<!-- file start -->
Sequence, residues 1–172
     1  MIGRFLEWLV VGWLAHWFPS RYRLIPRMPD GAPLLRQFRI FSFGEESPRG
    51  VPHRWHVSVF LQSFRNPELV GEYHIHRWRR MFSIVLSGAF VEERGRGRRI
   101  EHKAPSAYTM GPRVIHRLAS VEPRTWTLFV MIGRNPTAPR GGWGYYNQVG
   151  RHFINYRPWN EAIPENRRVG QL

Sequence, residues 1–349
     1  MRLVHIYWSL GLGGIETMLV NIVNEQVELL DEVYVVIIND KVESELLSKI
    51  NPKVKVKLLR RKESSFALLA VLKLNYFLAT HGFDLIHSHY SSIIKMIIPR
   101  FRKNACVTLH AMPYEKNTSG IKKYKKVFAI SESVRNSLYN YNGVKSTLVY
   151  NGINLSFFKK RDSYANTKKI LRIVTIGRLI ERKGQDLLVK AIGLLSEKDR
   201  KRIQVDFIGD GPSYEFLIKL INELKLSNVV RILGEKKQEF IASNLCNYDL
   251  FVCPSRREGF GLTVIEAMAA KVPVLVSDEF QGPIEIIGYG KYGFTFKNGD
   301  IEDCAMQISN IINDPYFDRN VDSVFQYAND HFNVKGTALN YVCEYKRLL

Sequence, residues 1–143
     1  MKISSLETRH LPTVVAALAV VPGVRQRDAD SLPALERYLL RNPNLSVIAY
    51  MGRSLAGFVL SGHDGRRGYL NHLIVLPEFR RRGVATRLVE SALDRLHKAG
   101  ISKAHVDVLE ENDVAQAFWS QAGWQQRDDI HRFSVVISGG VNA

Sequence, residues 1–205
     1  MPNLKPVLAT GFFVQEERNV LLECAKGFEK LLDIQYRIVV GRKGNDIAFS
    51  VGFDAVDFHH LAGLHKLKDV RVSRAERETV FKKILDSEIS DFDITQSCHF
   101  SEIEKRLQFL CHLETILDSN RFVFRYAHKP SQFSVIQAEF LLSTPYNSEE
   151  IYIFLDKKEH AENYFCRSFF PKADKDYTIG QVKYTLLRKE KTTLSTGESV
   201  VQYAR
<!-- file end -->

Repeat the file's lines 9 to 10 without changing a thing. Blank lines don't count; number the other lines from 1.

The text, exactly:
   101  FRKNACVTLH AMPYEKNTSG IKKYKKVFAI SESVRNSLYN YNGVKSTLVY
   151  NGINLSFFKK RDSYANTKKI LRIVTIGRLI ERKGQDLLVK AIGLLSEKDR